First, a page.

Super Bowl's Black Coaches Indicative of 'Great Strides'
Tuesday, January 30, 2007
MIAMI, Jan. 29 -- The first Super Bowl matchup of teams led by black coaches is the culmination of a four-year push by people inside and outside the sport to open doors to minority coaches that had been closed for most of the NFL's history.
After he and Johnnie Cochran once threatened to sue the NFL over its hiring practices, Washington lawyer Cyrus Mehri said he is pleased with the changes the league has made to improve diversity in its head coaching ranks.
"I think you have to look at it as a great success," said Mehri, general counsel of the Fritz Pollard Alliance, the group formed to promote minority hiring at all levels of the NFL. "You know it's a great success when it matters to the owners. From a process point of view, they're doing everything we've asked them to do. Now, does that mean we've eradicated bias in the NFL? No. It's part of America. But we've made great strides. We couldn't have written a better script."
The next step, Mehri said, will be to try to persuade university presidents and NCAA administrators to enact similar measures for hiring in college football, which has only seven black coaches out of 119 programs in the Football Bowl Subdivision (formerly Division I-A). But for this week, he can savor the accomplishments of Indianapolis Colts Coach Tony Dungy and Chicago Bears Coach Lovie Smith.
"It couldn't have happened to two finer people and two finer coaches," Mehri said. "We're on cloud nine. We couldn't be happier. We came into this to change America's game. . . . Sunday gives us a chance to have America's game change America's consciousness."
The NFL had only two black head coaches -- Dungy and Herman Edwards, then with the New York Jets -- and a dismal history on the issue when Mehri and Cochran issued a scathing report in 2002 about the league's hiring practices. That led team owners, under the threat of litigation, to enact a rule late that year requiring each club with a head coaching vacancy to interview at least one minority candidate.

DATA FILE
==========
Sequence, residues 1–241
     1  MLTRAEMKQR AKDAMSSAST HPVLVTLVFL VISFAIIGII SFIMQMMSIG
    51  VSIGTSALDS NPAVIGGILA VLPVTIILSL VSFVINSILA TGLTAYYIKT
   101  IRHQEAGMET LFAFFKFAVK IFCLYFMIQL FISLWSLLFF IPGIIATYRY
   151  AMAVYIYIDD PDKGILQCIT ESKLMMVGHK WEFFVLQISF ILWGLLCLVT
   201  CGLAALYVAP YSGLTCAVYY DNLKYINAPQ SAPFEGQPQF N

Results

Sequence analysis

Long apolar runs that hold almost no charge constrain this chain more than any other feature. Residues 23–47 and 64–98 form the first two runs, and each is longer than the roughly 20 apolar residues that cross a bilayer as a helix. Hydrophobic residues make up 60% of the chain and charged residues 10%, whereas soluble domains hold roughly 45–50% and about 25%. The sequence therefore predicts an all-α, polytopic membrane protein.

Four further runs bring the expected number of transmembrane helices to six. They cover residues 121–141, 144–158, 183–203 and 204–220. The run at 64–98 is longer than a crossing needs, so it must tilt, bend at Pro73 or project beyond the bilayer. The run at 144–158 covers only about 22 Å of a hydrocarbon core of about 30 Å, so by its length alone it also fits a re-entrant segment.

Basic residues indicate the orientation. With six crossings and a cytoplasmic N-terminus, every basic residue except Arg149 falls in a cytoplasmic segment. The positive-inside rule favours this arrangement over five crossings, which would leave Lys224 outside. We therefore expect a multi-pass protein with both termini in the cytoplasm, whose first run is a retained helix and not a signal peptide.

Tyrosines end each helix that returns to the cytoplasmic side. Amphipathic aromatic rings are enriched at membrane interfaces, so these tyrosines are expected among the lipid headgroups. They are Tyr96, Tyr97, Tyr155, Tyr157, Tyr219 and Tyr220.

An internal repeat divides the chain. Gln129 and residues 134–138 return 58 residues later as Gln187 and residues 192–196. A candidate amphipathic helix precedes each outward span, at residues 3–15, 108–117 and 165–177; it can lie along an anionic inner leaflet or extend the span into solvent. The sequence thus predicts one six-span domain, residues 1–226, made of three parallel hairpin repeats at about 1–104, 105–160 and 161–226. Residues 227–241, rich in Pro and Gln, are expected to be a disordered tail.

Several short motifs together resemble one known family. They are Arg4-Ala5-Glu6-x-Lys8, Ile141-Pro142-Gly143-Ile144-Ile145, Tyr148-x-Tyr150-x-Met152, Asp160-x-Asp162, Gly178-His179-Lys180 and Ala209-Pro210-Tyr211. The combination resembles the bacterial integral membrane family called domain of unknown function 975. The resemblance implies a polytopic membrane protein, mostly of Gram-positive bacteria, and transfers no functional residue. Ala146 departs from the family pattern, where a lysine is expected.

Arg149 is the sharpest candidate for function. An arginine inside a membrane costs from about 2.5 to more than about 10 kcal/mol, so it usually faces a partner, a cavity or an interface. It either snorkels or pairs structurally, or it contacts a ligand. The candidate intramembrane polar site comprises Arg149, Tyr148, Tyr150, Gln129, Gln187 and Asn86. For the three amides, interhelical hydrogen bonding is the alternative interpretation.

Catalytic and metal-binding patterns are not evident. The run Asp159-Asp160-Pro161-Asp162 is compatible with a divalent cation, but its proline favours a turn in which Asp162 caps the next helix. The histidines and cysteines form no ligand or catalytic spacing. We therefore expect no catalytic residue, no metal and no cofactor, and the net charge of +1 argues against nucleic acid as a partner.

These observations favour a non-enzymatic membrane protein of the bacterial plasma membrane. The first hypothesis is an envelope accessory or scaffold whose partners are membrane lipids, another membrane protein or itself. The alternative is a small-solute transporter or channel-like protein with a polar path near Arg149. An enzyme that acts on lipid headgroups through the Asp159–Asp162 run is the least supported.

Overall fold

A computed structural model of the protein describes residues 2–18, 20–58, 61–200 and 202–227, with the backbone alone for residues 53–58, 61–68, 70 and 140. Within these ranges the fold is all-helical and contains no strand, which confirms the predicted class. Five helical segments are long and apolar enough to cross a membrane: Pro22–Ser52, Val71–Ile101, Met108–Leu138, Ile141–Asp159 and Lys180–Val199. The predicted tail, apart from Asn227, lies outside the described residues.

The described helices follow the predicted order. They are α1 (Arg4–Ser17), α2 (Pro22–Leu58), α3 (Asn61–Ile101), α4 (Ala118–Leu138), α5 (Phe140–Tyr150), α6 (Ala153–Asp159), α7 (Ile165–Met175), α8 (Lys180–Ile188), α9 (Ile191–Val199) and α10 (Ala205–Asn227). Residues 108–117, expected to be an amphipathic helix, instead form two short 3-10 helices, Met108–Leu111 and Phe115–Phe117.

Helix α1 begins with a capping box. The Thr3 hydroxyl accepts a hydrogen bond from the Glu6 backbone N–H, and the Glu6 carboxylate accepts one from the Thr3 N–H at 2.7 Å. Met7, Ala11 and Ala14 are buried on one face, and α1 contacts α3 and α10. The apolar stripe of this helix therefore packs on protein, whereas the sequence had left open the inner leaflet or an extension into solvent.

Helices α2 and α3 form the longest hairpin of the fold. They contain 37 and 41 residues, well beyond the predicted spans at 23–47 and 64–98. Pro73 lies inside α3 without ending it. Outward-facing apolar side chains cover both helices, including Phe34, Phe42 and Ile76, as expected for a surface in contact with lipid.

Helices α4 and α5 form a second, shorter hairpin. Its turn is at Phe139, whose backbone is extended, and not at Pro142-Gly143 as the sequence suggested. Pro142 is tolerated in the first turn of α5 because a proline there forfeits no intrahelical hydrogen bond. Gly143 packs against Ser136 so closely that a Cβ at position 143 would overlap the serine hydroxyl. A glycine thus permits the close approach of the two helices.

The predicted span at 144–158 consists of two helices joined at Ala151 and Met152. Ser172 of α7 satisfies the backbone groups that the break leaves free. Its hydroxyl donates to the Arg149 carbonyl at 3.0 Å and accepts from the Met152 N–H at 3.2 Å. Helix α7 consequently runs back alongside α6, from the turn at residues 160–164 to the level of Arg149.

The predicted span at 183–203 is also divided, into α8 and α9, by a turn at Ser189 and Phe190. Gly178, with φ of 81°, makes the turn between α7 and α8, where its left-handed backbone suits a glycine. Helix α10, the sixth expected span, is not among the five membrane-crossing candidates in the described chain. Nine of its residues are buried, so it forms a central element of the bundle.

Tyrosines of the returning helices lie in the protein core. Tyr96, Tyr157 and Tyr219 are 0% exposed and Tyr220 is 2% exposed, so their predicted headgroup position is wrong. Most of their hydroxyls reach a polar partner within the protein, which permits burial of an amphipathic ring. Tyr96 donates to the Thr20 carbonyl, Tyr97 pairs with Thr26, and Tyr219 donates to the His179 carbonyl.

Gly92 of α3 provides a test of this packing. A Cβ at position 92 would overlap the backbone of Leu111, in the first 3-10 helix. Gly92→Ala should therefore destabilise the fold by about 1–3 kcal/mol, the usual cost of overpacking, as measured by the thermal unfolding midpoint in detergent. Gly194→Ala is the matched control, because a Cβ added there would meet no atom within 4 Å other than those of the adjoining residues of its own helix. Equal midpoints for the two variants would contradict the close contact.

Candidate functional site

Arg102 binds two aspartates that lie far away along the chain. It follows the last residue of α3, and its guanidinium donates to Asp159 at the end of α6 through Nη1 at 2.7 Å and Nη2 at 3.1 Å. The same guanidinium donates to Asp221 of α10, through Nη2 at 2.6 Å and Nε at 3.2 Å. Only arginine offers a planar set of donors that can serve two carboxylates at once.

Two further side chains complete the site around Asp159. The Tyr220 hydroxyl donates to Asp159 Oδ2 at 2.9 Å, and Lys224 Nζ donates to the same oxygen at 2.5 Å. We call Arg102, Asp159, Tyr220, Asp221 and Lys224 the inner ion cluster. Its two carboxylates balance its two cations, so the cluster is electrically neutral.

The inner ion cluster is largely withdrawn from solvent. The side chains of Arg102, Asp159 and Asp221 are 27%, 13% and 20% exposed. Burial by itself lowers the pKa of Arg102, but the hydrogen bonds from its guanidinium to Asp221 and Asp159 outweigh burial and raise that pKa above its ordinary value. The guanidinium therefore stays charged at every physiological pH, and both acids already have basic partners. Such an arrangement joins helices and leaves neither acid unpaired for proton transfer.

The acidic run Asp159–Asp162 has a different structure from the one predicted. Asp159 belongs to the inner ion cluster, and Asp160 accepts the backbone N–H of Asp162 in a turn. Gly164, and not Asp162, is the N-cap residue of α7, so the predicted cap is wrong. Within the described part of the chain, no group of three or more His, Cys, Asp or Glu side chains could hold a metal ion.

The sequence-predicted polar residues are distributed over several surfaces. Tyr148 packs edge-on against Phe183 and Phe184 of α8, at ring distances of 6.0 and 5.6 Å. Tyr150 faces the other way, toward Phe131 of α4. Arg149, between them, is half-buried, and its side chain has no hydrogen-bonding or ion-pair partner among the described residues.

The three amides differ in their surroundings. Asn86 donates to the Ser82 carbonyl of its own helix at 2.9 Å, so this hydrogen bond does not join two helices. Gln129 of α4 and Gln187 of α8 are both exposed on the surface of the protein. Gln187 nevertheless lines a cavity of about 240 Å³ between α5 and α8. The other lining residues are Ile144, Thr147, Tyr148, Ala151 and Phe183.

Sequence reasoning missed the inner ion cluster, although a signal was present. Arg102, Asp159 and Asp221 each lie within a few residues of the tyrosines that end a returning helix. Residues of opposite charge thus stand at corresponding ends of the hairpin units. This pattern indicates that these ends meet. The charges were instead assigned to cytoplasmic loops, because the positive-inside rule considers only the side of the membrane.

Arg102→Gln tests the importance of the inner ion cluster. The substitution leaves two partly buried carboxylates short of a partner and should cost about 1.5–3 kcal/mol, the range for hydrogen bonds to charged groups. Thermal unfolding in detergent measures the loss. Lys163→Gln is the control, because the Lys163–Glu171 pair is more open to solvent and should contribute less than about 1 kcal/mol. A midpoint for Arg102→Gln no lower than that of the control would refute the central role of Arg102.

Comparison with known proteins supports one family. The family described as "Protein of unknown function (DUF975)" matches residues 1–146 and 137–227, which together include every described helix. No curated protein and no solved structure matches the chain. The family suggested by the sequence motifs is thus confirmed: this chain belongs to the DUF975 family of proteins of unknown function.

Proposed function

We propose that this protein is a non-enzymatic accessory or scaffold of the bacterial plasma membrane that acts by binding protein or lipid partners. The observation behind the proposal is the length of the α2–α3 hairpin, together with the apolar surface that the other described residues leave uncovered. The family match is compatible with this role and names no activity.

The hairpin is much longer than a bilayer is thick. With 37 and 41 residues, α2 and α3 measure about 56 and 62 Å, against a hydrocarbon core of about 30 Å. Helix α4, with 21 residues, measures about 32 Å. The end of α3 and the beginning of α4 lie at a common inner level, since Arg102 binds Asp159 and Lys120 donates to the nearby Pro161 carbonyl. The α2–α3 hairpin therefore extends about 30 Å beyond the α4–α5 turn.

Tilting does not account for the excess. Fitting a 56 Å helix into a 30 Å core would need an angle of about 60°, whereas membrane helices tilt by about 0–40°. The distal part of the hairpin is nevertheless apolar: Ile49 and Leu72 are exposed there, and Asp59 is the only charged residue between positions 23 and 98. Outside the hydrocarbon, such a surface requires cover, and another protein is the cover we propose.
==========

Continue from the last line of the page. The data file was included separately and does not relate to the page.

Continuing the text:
The leaders of the Fritz Pollard Alliance, the group spawned by the efforts of Mehri and Cochran, who died in 2005, and named for the first black coach in NFL history, have always said they didn't want to tell the owners which coaches to hire. They simply wanted to create interviewing opportunities, they said. But those opportunities led to jobs. The league had seven black coaches this season, an all-time high.
Smith, in his third season as the Bears' coach, is one of seven black head coaches to have been hired since the minority interviewing rule -- widely called the Rooney Rule after Pittsburgh Steelers owner Dan Rooney, the chairman of the NFL's workplace diversity committee -- went into effect.
"If there was no Rooney Rule, Lovie Smith would not be the head coach of the Chicago Bears," said John Wooten, chairman of the Fritz Pollard Alliance. "Believe me. . . . This fills me with a great sense of pride."
The diversity movement has had its setbacks. It appears the number of black head coaches in the league will be down to six next season. The Arizona Cardinals' Dennis Green and the Oakland Raiders' Art Shell were fired recently. But Mehri and Wooten said they were delighted when Rooney hired young Minnesota Vikings defensive coordinator Mike Tomlin to replace the Steelers' retiring coach, Bill Cowher.
"Everything we're doing has exceeded our best expectations," Mehri said. "We really have had a cultural change. We don't win every time. We shouldn't win every time. But everyone is following the process."